It has the same size bezel as its predecessors from the iPhone 6 through the iPhone 8 with a Touch ID enabled Home button at the bottom center of the screen.
With so many identical features from one model to the next, you might think the 2020 iPhone SE would be lambasted as outdated or uninspired, but you'd be wrong. A lot of people love the iPhone 6 - 8 design and continue to love it today. This iPhone is for them.
A display for most people
The iPhone SE's Retina HD display is a 4.7-inch widescreen LCD multi-touch display with IPS technology, the same technology that dates all the way back to 2014 with the iPhone 6. It has the same pixel resolution and P3 wide color specs as the iPhone 8 and iPhone 7, but is an improvement over the iPhone 6 and iPhone 6s sRGB standard (and it's brighter at 625 nits compared to 500 nits). It features True Tone display like its predecessor, the iPhone 8.
The LCD display is noticeably different from the screen on the iPhone 11 Pro — the latter has a blueish tint. When compared to the iPhone X and the iPhone Xs, however, the difference is less noticeable. With the brightness turned all the way up on all four screens, the 2020 iPhone SE is dimmer, but is actually softer on the eyes. If you're not making a side-by-side comparison on a white screen, it seems just as bright and colorful.
When comparing watching a video between the 2020 iPhone SE and the iPhone 11 Pro, I was blown away at how well the SE performs.
When comparing watching a video, for example, between the 2020 iPhone SE and the iPhone 11 Pro, I was blown away at how well the SE performs. The screen seems just as bright, just as rich, and just as beautiful.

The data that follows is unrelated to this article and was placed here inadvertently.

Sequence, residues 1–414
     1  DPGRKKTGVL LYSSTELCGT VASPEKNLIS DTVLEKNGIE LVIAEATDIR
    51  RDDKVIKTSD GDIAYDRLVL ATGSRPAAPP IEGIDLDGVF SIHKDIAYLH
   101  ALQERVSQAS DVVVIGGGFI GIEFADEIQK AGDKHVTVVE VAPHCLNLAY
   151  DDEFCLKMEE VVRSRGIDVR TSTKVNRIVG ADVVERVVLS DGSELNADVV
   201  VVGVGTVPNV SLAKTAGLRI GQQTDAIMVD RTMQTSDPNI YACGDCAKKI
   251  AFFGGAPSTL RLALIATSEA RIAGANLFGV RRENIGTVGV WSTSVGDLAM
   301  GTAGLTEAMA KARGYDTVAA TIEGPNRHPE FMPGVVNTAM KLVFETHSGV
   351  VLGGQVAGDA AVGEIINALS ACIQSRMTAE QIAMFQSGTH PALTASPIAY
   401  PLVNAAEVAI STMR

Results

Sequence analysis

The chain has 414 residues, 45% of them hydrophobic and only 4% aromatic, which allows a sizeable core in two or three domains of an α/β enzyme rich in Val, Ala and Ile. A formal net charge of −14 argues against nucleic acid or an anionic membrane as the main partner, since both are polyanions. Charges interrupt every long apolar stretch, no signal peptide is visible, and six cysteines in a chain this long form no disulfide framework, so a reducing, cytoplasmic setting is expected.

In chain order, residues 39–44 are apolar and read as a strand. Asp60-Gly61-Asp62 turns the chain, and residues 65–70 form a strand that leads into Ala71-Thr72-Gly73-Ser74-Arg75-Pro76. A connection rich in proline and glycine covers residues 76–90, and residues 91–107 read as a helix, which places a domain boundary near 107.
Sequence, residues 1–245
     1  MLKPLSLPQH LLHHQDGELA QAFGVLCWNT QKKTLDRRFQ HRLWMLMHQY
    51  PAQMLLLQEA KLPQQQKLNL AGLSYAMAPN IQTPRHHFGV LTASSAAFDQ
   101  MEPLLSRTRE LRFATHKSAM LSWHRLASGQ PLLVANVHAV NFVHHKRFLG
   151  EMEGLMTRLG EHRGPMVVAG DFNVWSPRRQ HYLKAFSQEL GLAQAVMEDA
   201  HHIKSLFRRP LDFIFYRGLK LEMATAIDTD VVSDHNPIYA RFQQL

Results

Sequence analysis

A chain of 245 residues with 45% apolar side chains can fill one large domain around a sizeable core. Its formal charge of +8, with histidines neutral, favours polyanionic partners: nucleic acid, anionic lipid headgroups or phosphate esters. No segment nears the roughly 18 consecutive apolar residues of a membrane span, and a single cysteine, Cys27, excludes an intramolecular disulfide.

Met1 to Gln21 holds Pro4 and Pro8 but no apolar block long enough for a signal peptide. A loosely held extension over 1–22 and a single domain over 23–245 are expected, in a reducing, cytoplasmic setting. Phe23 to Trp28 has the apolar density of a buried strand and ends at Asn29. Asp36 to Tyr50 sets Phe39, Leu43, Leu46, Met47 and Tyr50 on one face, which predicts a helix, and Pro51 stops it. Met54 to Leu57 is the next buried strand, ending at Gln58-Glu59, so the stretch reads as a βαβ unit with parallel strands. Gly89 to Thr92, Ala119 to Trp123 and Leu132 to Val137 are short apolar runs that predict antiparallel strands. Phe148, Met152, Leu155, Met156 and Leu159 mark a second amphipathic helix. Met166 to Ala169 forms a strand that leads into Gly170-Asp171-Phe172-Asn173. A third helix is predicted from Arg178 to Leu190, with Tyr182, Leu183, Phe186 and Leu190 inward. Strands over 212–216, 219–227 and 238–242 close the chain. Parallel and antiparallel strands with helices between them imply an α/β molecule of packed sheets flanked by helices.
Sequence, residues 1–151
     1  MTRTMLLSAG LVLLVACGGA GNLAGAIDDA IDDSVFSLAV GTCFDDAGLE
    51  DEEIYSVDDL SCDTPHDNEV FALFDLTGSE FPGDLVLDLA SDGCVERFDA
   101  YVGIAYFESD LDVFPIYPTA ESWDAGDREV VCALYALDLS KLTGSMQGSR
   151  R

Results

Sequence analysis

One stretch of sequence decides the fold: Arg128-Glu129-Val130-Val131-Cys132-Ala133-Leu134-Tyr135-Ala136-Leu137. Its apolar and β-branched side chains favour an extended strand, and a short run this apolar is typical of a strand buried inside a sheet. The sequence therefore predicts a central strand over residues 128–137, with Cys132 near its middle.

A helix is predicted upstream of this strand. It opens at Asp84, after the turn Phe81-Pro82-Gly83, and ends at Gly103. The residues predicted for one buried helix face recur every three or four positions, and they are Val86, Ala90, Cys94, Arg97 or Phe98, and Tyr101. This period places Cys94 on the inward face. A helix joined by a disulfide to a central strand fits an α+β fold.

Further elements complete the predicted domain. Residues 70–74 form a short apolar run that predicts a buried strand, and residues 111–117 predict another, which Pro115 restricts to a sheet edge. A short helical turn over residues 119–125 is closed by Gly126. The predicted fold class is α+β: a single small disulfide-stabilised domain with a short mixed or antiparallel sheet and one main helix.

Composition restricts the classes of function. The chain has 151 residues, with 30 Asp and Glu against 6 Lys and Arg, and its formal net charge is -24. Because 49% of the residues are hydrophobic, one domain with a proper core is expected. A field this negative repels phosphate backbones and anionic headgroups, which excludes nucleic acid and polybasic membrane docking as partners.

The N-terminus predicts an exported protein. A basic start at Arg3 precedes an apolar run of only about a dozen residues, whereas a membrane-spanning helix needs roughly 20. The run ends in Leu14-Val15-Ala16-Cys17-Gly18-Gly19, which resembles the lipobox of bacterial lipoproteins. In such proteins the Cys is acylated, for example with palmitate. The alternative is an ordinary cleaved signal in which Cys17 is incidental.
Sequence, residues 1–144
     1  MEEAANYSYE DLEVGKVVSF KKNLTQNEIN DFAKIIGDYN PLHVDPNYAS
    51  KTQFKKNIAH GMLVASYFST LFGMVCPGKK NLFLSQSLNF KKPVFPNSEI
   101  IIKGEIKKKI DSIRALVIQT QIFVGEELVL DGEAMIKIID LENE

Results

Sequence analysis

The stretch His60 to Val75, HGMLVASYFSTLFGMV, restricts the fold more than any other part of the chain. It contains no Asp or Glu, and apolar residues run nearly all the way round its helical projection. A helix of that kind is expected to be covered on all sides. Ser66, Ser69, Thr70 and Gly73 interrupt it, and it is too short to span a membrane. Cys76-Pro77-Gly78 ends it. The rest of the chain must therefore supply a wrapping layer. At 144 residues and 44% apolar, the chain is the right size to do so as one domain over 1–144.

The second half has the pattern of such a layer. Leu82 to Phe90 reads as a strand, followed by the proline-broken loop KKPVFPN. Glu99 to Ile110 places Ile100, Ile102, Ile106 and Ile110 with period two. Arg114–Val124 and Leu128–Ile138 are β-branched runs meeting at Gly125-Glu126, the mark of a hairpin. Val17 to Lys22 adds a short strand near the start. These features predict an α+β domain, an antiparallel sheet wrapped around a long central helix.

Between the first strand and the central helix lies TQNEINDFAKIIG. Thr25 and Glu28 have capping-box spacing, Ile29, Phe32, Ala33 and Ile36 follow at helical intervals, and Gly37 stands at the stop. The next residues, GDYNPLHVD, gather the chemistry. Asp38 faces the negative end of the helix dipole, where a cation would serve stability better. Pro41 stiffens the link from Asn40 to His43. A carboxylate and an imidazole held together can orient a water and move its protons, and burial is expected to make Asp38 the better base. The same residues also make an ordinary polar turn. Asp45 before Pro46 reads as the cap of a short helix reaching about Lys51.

The 2020 model uses Haptic Touch instead of 3D Touch, which first appeared in the iPhone 6s in 2015. What's the difference between the two? It mostly comes down to what you physically do to trigger it. With 3D Touch, you press harder on the screen to trigger additional features, like the app menu or photo saving options. With Haptic Touch, you press longer.
In 2019, Apple made major alterations to what 3D Touch could do, bringing it more in line with phones that don't have 3D Touch. Today, 3D Touch is nearly identical to Haptic Touch except for how it's triggered.
It's computational versus physical. With a 3D Touch screen, there is a physical component that triggers the action. With Haptic Touch, the length of time your finger sits on the screen causes the trigger.
The iPhone SE (2020) features True Tone, which adjusts the lighting on the screen based on the lighting in the room. It makes it easier on the eyes if you're using your iPhone in dimly lit rooms, but you can disable it if you need full brightness.
For this updated design, Apple chose to make all bezels black. I think this was a smart move. It blends the bezels into the screen better, making it appear less noticeable. I loved the white bezel look, but I can see the appeal of "hiding" the bezels a little.
As far as screen size goes, yes, I do enjoy having the extra landscape that the iPhone 11 Pro provides, but I don't find the iPhone SE feel cramped. I can type easily on the smaller keyboard, as compared to the iPhone 11 Pro.
One thing I really miss having on the iPhone SE is tap-to-wake. On iPhone 11, I can just tap the screen if I want to see the time or check for notifications I may have missed. On iPhone SE, I have to press the Home button with a finger that isn't registered to unlock it.
Camera advancements without the extra cost
The camera on the 2020 iPhone SE is not Apple's most advanced camera system. For that, you'd want to look at the iPhone 11 Pro. Instead, the iPhone SE sports the same camera as the iPhone 7 and iPhone 8 ... sort of.
Just like the iPhone 7 and 8, the iPhone SE is outfitted with a 12MP wide-angle camera with ƒ/1.8 aperture, optical image stabilization, digital zoom up to 5x, and True Tone flash.
The 2020 iPhone SE has been updated with Smart HDR for photos (thank you neural engine) and Portrait mode with Portrait Lighting (with Natural, Studio, Contour, Stage, Stage Mono, and High-Key Mono effects). Though Portrait mode on the iPhone SE does not work with anything but human faces. No pet portraits or fancy food flare.